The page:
Public, Private, Secret—John Houck with Pauline Vermare
Pauline Vermare: Your stunning piece Portrait Landscape (2015) is currently on view at the ICP Museum. Would you describe it to us, and tell us more about its title?
John Houck: I wrote software that uses computer vision to find faces in Michelangelo Antonioni's movie Blow-Up (1966). The software often misrecognizes faces and finds them in a field of grass or in the folds of someone’s clothes, for example. The film is cut down to about ten minutes and only features scenes with the misrecognized faces. I also used editing software to pan and zoom into each face. It has a humorous and haunting effect. The title references two different names for the aspect ratio of pictures and it can also be read literally as a landscape of portraits. Whenever I think of the movie Blow-Up, the image of the lush, green parks around London comes to mind.
PV: You traditionally work with painting and photography. What led you to create custom film-editing and facial-recognition software?
JH: Prior to graduate school I worked as a software engineer for many years and I still program here and there for specific projects in my studio. This project started with an interest in the fact that images and film are now being scanned and “watched” by software agents. Images are now viewed and indexed more by machines than humans.
PV: Portrait Landscape is composed of multiple scenes from Blow-Up and eerily resonates with what Antonioni said at the time: “I’m really questioning the nature of reality…I always mistrust everything which I see, which an image shows me, because I imagine what is beyond it. And what is beyond an image cannot be known.” Why did you choose to work with this film in particular, and how did you select the scenes?
JH: That is a great quote. Antonioni even painted the physical leaves and grass with green paint in the park scenes in Blow-Up, to make the film more vivid. This film came to mind because the main character is not that unlike the autonomous software agents that now scour the Internet, indexing images. He is a kind of automaton, always on the move; he’s constantly snapping photos, leaving abruptly, jumping up and running. The scenes selected themselves in a sense. I had my software make a cut in the film anywhere there was a face recognized in a scene. I then used editing software to go back in and pan and zoom in on the misrecognized faces. So there’s this odd correspondence between my virtually edited camera moves and the ones from the original edit of the film. In the film, the main character is trying to solve a murder he inadvertently photographed, but he keeps zooming into the film and is frustrated that it doesn’t resolve anything. There’s something in the futility of his search that is parallel to the futility of my search for faces in the film.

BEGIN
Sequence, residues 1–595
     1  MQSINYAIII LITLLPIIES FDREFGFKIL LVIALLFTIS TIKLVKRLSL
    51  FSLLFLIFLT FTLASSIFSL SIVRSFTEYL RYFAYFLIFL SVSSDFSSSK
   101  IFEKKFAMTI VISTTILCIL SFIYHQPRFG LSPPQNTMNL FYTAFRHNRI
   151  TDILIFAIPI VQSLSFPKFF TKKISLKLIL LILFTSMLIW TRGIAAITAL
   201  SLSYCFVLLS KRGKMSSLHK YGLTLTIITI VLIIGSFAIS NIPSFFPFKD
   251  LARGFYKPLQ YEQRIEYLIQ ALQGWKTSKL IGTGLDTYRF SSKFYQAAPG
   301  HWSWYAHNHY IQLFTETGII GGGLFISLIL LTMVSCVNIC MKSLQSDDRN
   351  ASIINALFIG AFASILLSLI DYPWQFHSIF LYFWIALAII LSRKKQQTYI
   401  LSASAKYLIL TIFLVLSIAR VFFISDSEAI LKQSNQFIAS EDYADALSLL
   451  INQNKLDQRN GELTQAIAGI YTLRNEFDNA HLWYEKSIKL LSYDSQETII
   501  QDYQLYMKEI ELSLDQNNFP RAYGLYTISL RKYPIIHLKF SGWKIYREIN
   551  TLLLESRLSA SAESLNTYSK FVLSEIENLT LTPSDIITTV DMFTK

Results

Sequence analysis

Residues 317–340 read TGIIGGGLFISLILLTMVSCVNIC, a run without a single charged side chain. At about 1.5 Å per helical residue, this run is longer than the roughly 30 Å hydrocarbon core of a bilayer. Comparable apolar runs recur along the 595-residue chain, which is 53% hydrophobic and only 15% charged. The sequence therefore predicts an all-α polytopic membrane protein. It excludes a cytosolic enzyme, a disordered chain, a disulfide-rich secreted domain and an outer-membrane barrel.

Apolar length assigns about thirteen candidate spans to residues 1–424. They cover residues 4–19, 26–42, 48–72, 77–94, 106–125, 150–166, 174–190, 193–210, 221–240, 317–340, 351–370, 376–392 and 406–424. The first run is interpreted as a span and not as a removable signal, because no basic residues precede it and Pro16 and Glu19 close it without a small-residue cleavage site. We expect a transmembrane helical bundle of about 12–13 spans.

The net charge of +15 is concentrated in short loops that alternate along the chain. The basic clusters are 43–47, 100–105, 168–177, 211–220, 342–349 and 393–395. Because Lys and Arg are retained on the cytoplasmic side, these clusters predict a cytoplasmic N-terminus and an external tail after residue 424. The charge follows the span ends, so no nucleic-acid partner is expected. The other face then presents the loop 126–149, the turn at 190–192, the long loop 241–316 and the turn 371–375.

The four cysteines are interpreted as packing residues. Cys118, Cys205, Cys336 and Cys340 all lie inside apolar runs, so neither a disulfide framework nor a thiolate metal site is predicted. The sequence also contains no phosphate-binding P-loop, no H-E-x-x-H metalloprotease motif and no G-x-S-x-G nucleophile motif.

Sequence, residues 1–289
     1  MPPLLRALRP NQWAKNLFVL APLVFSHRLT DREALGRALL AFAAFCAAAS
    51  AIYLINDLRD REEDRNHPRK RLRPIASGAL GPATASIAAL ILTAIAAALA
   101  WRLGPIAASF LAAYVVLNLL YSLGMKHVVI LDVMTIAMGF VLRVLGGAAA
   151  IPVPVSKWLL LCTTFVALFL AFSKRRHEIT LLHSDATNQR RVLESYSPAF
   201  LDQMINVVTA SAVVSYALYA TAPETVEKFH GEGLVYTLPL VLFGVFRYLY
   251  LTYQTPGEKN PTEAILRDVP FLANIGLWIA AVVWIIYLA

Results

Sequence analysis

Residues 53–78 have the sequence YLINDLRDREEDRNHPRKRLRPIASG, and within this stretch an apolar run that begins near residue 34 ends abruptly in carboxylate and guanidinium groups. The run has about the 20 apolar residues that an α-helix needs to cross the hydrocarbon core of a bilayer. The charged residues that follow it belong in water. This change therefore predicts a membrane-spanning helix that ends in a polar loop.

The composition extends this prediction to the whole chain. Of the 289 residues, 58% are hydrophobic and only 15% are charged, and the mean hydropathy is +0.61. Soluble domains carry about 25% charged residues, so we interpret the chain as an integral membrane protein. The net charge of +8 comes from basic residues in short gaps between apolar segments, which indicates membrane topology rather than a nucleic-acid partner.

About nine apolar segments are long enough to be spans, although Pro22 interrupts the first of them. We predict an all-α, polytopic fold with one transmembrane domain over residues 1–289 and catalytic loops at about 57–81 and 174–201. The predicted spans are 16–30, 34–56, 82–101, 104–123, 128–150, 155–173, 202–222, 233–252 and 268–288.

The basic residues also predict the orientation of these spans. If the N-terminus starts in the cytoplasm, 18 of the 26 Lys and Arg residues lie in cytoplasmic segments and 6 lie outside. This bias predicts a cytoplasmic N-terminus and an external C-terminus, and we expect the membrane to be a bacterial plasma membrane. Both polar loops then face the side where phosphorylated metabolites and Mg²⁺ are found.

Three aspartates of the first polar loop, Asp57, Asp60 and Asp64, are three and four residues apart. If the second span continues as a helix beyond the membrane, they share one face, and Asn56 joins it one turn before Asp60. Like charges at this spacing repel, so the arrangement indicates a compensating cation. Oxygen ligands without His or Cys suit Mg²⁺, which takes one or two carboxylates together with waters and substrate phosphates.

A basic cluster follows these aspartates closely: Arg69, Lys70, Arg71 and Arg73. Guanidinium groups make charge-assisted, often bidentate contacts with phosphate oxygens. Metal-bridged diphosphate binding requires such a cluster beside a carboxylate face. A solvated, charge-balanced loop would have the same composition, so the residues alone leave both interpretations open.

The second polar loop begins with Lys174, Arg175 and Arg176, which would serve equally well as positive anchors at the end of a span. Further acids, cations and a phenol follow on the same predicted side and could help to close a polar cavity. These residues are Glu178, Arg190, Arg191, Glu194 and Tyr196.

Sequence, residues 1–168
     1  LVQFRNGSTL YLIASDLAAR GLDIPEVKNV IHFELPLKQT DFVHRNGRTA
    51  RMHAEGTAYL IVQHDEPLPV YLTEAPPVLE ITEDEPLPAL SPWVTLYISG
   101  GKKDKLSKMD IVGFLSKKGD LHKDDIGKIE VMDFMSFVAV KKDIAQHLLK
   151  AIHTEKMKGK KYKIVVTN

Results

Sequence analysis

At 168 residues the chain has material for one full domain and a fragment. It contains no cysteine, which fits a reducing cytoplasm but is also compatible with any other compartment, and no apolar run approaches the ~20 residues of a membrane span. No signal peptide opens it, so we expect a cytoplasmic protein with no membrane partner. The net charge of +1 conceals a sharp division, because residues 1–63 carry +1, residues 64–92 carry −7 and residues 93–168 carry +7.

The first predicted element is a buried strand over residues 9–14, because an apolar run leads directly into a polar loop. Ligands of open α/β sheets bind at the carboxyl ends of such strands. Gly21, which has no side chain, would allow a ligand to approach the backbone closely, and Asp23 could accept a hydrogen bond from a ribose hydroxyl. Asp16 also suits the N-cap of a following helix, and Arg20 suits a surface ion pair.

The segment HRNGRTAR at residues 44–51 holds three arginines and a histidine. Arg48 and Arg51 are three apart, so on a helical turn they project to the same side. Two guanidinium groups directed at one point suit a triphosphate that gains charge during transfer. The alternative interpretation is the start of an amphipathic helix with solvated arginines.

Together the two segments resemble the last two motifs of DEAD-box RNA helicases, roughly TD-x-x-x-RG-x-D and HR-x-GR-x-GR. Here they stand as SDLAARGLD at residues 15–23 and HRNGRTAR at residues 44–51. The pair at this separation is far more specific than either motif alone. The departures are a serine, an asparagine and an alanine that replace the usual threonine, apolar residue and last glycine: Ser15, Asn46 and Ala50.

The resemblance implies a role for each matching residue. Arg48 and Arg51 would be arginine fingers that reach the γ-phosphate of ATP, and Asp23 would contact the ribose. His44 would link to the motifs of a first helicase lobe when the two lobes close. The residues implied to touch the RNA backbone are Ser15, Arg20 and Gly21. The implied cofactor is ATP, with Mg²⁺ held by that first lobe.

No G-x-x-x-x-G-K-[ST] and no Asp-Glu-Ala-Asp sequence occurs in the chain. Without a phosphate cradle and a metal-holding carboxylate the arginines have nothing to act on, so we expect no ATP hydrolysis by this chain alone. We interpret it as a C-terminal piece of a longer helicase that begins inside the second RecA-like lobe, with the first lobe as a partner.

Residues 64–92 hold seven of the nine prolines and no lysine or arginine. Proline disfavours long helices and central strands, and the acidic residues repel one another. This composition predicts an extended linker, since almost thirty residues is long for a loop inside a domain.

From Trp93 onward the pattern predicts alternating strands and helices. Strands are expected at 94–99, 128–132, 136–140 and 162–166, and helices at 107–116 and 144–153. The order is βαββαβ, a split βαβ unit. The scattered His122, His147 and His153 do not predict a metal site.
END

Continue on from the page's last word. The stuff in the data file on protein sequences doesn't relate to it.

PV: Your last show at On Stellar Rays, Playing and Reality (2016), dealt in part with the notion of the “analytic third,” extending it to an interstitial third entity between painting and photography. With Portrait Landscape, the third entity resides between the film and the photographs—between one of the most iconic fictions of our times and an unsettling stream of surveillance-like images that look like human faces. The interstitial entity is the invisible, paranoid big brother that you created and who ends up guiding our gaze and subverting our psyche. Would you tell us about the psychological intentions of your work, and of this work in particular?
JH: I wasn’t thinking so much about psychoanalysis or the idea of the “third” when making this video, but the faces were interesting to me because of their emotive quality. They are also something that humans so readily recognize; the slightest suggestion of a face and we project all kinds of emotions on to it. I could have easily trained my software to recognize other objects in each frame, but we don’t as readily project onto a misrecognized banana as a human face. I also didn't intend the film to be as funny as it is. The first time I showed it, people were laughing out loud as they watched it. It felt like finally my interest in comedy had come through in a work and luckily I didn't set out to make a funny piece. Had I intended to make it funny it probably would have felt too on the nose.
PV: The end result is a striking, mesmerizing, and moving piece—surprisingly melancholic. Did you expect this piece to have such an emotional impact on the viewers?
JH: You can never anticipate how something is going to be received, but I know that watching it over and over as I edited it, I certainly felt that haunting quality. It creates that same compulsive feeling we all have when life is lived through the lens of the camera. That obsessive feeling of walking around a city and snapping photos incessantly while knowing that we are continually being photographed, video recorded, and digitally traced.